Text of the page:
Seen in the Sea
The Bering Sea is a relatively shallow place. That’s because the North Pacific tectonic plate is sliding under the North American Plate, nudging it ever-upward in some of the busiest volcanic activity on the planet. Notice how the light areas on the map show the extent of this shallow shelf between Alaska and Russia.
This watery world yields an exciting brew of critters! Lots of them are just cruising through seasonally as they migrate while the planet spins and tilts. This makes for great wildlife viewing when a person is lucky enough to spend nearly two weeks steaming across the Bering Sea and up the eastern side of the Alaska Peninsula from the Aleutian Islands. In addition to many mammals, we also saw jellyfish, kelp, and other photogenic moments rising to the surface as well.
What a rare opportunity to linger, watching a group of killer whales teach their young to hunt. Another time, a bachelor sperm whale browsed for a meal, lazily making shallow dives (there wasn’t enough depth for this, the largest toothed predator on earth, to dive straight down). We shared the waters of our journey alongside fin whales, the world’s second-largest whale species, plus hunchbacks and minke and gray and two species of porpoises. Call me a geek, but I couldn’t ever walk away before they swam out of sight.
Stellar sea lions, northern fur seals, harbor seals appeared to be thriving, at least compared with the dire numbers they were reduced to when they were hunted nearly to extinction. (One of our naturalists reported, though, that their numbers appears to be dwindling again, possibly due to the changing climate.)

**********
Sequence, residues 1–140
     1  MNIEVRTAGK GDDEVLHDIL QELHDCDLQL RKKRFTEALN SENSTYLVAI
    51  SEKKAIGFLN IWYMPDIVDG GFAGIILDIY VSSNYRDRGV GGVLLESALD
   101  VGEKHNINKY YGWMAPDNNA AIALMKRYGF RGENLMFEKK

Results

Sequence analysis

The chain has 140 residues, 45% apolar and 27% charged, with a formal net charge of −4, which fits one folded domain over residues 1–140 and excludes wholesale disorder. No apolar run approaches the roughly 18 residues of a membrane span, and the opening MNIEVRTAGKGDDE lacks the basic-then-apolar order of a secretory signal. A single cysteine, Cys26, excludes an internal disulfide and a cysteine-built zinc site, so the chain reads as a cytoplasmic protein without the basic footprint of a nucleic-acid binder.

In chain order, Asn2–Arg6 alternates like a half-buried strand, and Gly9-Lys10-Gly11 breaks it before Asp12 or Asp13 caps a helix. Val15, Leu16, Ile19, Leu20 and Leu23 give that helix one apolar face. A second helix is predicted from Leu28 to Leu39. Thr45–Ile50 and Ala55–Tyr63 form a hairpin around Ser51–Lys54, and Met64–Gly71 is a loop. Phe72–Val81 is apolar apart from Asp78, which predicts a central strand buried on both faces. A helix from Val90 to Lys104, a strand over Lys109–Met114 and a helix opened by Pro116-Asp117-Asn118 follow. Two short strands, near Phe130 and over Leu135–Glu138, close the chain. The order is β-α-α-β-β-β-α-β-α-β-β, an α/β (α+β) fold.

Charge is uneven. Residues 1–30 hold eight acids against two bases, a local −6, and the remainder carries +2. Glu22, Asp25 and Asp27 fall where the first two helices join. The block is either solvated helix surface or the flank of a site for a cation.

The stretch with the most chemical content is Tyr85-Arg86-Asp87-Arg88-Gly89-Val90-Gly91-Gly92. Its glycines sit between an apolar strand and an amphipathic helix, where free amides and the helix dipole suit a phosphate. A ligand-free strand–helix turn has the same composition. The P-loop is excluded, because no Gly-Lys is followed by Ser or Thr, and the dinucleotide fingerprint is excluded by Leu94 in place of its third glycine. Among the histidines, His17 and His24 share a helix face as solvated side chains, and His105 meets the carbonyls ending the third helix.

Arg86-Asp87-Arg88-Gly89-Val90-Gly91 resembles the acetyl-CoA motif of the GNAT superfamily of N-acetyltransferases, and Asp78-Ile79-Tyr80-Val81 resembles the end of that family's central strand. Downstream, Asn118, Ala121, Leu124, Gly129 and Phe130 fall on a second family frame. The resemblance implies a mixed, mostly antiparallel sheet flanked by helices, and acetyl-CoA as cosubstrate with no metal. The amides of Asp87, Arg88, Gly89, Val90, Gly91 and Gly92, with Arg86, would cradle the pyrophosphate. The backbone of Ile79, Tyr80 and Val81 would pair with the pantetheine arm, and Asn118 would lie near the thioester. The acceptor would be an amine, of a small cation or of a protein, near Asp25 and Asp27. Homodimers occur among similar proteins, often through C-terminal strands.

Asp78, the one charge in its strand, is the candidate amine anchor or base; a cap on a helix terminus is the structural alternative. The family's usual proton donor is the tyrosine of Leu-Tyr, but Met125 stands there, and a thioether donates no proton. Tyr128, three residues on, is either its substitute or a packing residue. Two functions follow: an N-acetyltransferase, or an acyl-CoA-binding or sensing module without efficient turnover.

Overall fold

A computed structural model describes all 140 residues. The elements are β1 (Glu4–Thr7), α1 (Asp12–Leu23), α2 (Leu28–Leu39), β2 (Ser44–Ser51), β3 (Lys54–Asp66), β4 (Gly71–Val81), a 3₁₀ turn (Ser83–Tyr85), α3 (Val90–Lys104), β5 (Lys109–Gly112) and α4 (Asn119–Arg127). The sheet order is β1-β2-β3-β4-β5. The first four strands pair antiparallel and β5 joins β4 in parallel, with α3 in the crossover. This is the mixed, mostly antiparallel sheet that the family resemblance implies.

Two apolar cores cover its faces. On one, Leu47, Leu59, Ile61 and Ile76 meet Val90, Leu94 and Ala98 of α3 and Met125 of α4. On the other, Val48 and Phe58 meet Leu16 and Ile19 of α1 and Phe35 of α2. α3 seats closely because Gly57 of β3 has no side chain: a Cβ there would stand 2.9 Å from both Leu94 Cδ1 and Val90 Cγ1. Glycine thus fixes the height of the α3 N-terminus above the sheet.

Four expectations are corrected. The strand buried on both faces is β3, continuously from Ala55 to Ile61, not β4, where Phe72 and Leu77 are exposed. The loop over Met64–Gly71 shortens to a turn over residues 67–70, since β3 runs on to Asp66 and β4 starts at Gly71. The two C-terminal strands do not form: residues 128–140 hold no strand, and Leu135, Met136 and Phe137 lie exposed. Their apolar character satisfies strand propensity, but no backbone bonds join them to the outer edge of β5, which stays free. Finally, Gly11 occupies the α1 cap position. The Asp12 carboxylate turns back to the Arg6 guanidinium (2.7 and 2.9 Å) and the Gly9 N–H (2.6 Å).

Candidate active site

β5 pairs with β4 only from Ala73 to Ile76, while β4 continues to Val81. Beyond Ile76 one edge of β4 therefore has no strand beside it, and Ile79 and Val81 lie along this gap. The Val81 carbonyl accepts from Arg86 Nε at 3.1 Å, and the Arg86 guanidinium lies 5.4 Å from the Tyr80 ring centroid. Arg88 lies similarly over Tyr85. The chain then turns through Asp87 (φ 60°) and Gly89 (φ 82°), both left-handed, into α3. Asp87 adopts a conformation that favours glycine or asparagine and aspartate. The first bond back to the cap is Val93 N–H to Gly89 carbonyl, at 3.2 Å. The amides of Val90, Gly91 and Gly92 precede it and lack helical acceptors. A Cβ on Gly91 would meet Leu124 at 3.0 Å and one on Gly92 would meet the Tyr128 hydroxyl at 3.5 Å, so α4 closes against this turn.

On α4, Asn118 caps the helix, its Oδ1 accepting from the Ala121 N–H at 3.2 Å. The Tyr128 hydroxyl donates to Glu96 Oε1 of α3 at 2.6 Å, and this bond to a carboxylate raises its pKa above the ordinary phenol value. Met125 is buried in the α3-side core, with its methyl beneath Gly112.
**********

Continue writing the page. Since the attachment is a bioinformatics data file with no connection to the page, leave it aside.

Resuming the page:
Speaking of comebacks, the sea otters, whose numbers were devastated by pelt hunters, are back. The epitome of cute, I was starting to fret that these iconic creatures might not show up...until they did! We watched, rapt, as they floated on their backs, opening clams and other food, showing their young the way to live. Beyond “cute,” though, sea otters are an important keystone species, according to the Monterey Bay Aquarium. They eat sea urchins and other invertebrates that graze on giant kelp, thus helping to maintain healthy kelp forests which are important habitats for many animals. [source: montereybayaquarium.org].
To see all these critters swimming free in the expanse of the sea yielded in me a sort of peace and gladness. And also a hefty dose of surprise, the day we saw bears swimming!
Being witness to so many species that were once nearly wiped out by human interference was encouraging. Maybe the collective “we” can remember the lessons, and work to preserve the planet not just for ourselves, but for all the creatures, great and small.
For more about our expedition hosts: nationalgeographic.com/expeditions